A SHAKTI VAHINI RESEARCH INITIATIVE
Dr. Shantha Sinha, Chairperson National Commission for Protection of Child Rights speaking to the media in New Delhi today on the occasion of one year of the implementation of the RTE Act said that children’s right to education is a fundamental right and non-negotiable. But have actions been taken to ensure that every child is in school enjoying her right every day of her life without any disruption? She asked whether all the barriers that come in the way of their access to schools are by law removed-that education is free and there cannot be charging of school fees or any other charges; there shall be no insistence on documentation like birth certificates, transfer certificates, progress reports for proof of a child to be enrolled in school; indeed a child could be admitted at any time during the academic session and cannot be asked to come the next session; have arrangements been made for special training to enable a child join the age appropriate class; do teachers know how to plan for each child for continuous learning that insists on a non-detention policy; is there a road map for fulfilling all the obligations of providing trained teachers, classrooms, toilets,? Where do children, parents or child defenders go if they have a complaint to make and what kind of access they have to grievance redressal?
There is certainly a consciousness that the RTE Act has to be implemented in letter and spirit and that every child must enjoy her right to education. Yet it seems that in all the above issues, the response of the States have been uneven. Some States have moved ahead of others on some issues. There are government orders and circulars issued facilitating the implementation of some sections of the Act. School Management Committees have been constituted to oversee the schools and develop school development plans, again only in some States. Model rules have been adopted in some States and there is a helpline in a couple of States to take calls at the State level for action at the village level.
Dr. Shantha Sinha said there is a need to amend the Child Labour (Prohibition and Regulation) Act 1986, to abolish all forms of child labour enabling children to enjoy their right to education, or incorporate appropriate sections on RTE in the proposed Rights of Persons with Disabilities Act. More importantly there is a need to provide for sufficient autonomy and decentralization at the level of the gram panchayat. The functions of the local authority as envisaged in the Act have to be facilitated.
She further said that the RTE Act is a step towards building our society with emphasis on equity and justice. The growing gap and disparities between social classes can be addressed only when a world of opportunities and choices are available to our children through education. Education alone can break the intergenerational cycle of poverty and deprivation. Education alone can give self-esteem and self –worth enabling full citizenship. The civil society and the State must come together as equal partners in making the provisions of the RTE Act an actuality. The National Commission for Protection of Child Rights NCPCR has been given the responsibility for monitoring the implementation of the Act and as a first step in this direction it has set up an RTE Division, which would over time develop its systemic capabilities to oversee the implementation of RTE in the country. The Commission’s Mandate is to ensure that all Laws, Policies, Programmes, and Administrative Mechanisms are in consonance with the Child Rights perspective as enshrined in the Constitution of India and also the UN Convention on the Rights of the Child. The Child is defined as a person in the 0 to 18 years age group.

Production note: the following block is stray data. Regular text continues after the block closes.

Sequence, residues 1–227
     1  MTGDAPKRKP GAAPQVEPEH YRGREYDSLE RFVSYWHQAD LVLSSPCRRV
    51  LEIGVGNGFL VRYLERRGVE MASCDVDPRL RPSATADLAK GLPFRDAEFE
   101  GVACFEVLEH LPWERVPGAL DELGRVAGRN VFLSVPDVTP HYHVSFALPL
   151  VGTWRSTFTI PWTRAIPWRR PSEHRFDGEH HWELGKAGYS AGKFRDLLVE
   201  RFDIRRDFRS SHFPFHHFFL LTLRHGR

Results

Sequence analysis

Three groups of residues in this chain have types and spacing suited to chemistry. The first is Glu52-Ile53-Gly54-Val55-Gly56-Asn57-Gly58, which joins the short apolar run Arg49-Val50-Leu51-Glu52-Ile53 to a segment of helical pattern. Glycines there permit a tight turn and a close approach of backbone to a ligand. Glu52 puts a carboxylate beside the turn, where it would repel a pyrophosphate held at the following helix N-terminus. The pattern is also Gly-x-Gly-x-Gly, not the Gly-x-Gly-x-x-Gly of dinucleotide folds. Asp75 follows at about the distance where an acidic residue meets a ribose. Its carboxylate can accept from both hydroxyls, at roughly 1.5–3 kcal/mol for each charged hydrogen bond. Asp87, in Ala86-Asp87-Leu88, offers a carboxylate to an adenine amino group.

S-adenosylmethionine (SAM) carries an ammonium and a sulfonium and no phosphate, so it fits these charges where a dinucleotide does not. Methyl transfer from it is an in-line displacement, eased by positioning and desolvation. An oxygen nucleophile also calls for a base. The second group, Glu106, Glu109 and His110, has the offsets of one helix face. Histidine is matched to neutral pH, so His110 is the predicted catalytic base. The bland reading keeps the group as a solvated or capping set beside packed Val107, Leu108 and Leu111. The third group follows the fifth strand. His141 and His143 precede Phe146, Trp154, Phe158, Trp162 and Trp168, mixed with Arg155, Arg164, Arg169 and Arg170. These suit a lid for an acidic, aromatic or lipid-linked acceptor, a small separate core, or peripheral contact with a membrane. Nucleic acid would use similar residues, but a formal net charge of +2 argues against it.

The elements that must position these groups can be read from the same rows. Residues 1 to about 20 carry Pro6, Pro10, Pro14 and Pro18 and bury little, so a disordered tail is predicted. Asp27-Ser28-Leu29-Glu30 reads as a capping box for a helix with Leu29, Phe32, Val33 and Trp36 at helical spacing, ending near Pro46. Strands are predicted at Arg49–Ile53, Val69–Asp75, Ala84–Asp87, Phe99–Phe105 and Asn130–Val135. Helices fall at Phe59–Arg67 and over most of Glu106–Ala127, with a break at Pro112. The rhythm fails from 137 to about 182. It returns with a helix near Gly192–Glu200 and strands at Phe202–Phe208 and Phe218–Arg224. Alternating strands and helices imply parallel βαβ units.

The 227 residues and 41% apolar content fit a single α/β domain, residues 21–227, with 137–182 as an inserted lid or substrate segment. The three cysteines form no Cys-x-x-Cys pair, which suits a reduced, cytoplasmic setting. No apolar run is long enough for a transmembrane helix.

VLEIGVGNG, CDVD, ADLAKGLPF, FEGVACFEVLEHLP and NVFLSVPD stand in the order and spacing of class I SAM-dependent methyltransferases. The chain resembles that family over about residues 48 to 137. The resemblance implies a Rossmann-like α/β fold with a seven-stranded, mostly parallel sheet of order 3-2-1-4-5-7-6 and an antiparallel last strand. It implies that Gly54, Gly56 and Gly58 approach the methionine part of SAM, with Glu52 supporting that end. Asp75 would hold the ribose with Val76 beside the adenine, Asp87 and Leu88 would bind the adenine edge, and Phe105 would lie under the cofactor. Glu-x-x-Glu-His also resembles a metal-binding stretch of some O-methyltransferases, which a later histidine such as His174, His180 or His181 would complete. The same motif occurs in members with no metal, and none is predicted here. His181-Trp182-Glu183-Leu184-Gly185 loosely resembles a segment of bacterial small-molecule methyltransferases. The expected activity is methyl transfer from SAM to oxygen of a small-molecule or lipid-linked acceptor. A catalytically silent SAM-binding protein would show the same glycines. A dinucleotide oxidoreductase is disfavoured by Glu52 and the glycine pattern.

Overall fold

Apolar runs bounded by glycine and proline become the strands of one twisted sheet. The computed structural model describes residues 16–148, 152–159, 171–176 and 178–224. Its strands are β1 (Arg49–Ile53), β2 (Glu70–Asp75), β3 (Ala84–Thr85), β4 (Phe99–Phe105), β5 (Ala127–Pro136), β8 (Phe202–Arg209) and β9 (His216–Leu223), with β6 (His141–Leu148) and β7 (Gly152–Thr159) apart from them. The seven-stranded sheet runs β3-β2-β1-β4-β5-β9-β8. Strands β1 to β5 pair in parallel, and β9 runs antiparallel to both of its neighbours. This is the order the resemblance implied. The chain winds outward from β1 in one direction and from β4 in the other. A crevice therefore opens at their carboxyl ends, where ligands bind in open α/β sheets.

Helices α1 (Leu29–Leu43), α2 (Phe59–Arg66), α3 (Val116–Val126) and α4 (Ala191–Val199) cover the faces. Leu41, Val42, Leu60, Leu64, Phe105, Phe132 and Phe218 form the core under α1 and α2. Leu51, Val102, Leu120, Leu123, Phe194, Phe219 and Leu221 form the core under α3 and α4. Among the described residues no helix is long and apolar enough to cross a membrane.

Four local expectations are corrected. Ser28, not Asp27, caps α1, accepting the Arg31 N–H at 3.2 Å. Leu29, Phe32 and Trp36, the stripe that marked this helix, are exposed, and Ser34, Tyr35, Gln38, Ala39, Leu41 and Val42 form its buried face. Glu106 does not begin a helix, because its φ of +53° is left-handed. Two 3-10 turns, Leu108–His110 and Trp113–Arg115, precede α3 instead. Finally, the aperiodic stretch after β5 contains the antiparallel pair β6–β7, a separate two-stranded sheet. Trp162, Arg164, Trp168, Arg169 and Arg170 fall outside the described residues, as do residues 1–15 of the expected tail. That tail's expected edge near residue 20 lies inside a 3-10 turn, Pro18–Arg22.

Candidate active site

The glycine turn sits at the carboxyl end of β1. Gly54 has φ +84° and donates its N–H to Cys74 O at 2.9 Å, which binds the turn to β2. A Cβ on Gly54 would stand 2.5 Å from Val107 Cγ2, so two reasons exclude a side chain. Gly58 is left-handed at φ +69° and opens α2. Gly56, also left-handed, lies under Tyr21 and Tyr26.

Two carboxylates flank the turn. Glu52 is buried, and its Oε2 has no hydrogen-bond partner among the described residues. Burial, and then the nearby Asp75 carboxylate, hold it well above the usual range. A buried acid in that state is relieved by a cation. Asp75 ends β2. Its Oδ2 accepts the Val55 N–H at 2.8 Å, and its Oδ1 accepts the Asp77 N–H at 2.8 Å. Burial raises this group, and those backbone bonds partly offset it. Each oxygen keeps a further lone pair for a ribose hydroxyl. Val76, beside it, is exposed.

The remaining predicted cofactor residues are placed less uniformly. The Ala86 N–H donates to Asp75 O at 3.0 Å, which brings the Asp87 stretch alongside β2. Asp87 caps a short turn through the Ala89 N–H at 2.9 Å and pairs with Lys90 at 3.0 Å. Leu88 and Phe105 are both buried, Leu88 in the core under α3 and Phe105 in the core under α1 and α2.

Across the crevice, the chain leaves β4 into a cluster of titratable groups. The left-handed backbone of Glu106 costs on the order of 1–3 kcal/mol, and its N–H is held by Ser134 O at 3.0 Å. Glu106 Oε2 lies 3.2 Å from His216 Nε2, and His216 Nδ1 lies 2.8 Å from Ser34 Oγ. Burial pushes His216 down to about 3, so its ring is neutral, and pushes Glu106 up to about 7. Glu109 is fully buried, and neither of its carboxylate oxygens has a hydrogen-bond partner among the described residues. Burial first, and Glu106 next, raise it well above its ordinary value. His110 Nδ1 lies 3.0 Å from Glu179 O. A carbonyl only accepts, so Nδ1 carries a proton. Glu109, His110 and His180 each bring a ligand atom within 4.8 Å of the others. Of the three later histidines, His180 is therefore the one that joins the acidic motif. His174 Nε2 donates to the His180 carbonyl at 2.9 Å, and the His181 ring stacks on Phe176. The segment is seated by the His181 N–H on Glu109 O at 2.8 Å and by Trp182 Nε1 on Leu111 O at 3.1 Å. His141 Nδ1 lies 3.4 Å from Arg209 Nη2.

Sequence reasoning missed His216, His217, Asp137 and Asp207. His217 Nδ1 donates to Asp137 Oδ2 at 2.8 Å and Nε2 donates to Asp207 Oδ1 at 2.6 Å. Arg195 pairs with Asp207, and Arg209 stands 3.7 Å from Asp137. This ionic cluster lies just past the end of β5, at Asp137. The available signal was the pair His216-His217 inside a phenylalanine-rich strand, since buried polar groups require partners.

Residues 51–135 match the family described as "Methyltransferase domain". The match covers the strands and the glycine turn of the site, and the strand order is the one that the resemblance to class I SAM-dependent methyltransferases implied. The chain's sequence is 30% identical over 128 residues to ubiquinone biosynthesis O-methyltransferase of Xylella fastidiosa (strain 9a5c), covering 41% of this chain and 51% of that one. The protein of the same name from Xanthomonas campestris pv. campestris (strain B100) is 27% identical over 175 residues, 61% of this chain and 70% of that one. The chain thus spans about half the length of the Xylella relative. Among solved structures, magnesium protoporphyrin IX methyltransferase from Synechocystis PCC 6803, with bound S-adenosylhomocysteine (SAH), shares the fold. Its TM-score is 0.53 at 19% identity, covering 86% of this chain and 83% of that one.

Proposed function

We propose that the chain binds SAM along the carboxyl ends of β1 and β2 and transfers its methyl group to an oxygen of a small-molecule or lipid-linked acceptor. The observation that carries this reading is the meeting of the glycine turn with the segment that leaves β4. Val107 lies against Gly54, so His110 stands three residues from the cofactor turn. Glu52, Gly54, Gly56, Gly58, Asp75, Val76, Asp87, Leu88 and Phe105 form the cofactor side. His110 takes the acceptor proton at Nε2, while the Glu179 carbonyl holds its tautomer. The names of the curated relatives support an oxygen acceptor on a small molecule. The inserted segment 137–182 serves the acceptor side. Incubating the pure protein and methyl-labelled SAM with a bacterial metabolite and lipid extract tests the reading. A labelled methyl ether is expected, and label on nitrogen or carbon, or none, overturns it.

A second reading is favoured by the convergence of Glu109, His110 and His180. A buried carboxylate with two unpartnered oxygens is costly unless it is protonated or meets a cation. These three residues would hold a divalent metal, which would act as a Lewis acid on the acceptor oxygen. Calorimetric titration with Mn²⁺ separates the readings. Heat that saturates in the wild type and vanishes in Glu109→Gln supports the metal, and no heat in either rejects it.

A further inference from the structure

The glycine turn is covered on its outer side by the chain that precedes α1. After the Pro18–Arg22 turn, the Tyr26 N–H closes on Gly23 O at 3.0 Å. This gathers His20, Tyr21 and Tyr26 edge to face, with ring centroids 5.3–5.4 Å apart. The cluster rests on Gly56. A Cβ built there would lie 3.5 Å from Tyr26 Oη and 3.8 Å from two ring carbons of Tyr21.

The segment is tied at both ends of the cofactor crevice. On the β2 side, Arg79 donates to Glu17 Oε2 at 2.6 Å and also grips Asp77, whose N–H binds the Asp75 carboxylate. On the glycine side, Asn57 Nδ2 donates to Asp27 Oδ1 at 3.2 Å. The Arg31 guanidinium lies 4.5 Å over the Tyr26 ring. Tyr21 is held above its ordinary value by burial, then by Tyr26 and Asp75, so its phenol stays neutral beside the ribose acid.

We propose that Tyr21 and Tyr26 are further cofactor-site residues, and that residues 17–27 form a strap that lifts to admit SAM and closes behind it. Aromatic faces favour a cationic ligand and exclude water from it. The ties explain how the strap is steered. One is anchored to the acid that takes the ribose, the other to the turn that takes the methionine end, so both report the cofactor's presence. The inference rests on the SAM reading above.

NCPCR’s role has been in a) Examining and reviewing the safeguards for rights provided by or under this Act and recommend measures for their effective implementation b) Inquiring into complaints relating to child’s right to free and compulsory education and taking necessary steps c) Monitor policies related to RTE.
NCPCR has approached this as an opportunity to provide a platform for people’s participation in monitoring their entitlements. As a start, the Commission has appointed state representatives in their respective states. They will also serve as focal points for both the commission and the citizens in follow up of complaints relating to violation of the RTE Act. In addition, the Commission has initiated a number of other processes, such as the social audit, which is a ‘tool’ that has been developed for monitoring the RTE Act, and is currently being tried out in ten states as a pilot; public hearings, which provide a platform for the public to highlight violations against the RTE Act and at the same time, generate awareness about the Act.
Simultaneously, the Commission is in the process of developing a Complaint Management System that will receive, classify and register complaints through a specially designed complaints management system [CMS] for RTE complaints. This system will enable the public to track their complaints online.
A website, that will share knowledge on the RTE Act and provide information on what the public can do to be more involved, is being designed. The website will be interactive and create a space for individuals and civil society groups to monitor the implementation of the RTE Act by using survey tools which will be available on the website.
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